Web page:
THE GOOD LUCK OF RIGHT NOW
Quick does mental illness well, and the menagerie of odd ducks who populate his latest novel are just as often heartbreaking as they are hilarious. The framing of the novel in fan letters to actor Richard Gere allows for the character’s deep introspection without reducing his strangeness and provides many of the novel’s funny moments. Keeping it from being perfect, however, is the lack of a more grounded character in this bunch to anchor the raft of quirkiness.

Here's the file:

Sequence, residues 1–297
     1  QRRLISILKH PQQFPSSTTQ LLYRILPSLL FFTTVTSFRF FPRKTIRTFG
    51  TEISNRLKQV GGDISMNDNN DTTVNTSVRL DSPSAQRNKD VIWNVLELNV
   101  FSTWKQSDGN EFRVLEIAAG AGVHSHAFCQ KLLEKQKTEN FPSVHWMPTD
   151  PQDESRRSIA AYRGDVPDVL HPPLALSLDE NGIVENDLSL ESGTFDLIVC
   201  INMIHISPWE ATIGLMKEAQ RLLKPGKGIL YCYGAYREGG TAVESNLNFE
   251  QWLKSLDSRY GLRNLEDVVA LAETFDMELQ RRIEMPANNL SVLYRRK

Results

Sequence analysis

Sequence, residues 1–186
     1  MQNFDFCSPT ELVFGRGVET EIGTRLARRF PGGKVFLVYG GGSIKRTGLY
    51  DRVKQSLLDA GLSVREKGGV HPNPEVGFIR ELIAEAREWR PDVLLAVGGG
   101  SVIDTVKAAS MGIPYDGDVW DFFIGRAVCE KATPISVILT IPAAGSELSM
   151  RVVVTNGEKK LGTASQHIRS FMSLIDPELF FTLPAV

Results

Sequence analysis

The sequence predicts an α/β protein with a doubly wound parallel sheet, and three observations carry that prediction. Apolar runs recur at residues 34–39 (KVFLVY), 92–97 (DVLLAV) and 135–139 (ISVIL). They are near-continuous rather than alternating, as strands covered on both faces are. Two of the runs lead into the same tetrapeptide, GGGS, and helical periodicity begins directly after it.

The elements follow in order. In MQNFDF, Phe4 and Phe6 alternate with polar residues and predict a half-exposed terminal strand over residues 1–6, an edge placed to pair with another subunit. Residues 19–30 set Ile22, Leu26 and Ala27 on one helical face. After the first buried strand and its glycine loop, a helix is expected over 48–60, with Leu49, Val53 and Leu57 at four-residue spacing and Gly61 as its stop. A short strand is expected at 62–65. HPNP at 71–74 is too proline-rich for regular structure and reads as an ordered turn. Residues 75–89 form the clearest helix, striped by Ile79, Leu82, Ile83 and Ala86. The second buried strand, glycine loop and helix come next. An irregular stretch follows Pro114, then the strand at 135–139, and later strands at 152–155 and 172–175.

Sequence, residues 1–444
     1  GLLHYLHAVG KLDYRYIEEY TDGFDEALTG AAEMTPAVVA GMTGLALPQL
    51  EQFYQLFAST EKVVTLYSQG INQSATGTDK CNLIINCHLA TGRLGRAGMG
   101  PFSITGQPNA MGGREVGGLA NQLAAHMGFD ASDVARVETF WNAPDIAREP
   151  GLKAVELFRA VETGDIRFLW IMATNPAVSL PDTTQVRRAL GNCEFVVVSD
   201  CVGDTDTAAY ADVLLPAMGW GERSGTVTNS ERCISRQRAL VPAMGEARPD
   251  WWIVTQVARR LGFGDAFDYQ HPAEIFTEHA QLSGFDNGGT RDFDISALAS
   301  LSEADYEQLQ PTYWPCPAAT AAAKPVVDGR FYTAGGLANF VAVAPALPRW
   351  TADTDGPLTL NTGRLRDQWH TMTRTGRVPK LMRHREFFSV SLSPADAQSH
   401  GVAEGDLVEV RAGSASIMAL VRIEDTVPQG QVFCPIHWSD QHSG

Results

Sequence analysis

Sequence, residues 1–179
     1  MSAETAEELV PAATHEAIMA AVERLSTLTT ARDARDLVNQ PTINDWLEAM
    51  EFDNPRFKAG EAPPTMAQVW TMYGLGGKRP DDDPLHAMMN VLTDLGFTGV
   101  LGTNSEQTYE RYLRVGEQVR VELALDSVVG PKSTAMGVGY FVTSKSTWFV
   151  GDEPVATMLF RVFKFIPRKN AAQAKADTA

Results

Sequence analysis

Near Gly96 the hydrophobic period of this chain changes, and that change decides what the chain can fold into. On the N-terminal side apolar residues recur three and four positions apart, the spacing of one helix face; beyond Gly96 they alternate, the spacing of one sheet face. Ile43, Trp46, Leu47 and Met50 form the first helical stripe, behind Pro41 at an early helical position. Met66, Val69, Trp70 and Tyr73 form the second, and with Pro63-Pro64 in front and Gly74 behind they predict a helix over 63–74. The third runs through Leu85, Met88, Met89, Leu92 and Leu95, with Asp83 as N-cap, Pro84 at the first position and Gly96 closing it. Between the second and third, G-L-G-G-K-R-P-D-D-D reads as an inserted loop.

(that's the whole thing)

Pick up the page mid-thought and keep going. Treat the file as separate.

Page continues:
Bartholomew Neil’s mother has just died. While that would be traumatic for anyone, Bartholomew had nothing else in his life other than caring for his mother: no friends, no job and no girlfriend. The parish priest sets him up with a therapist-in-training before the priest defrocks himself in an apparent meltdown, and soon Bartholomew finds himself surrounded by more strange people as he searches for the meaning of life through letters written to the object of his mother’s fascination, Richard Gere. (HARPER, Feb., 304 pp., $15.00)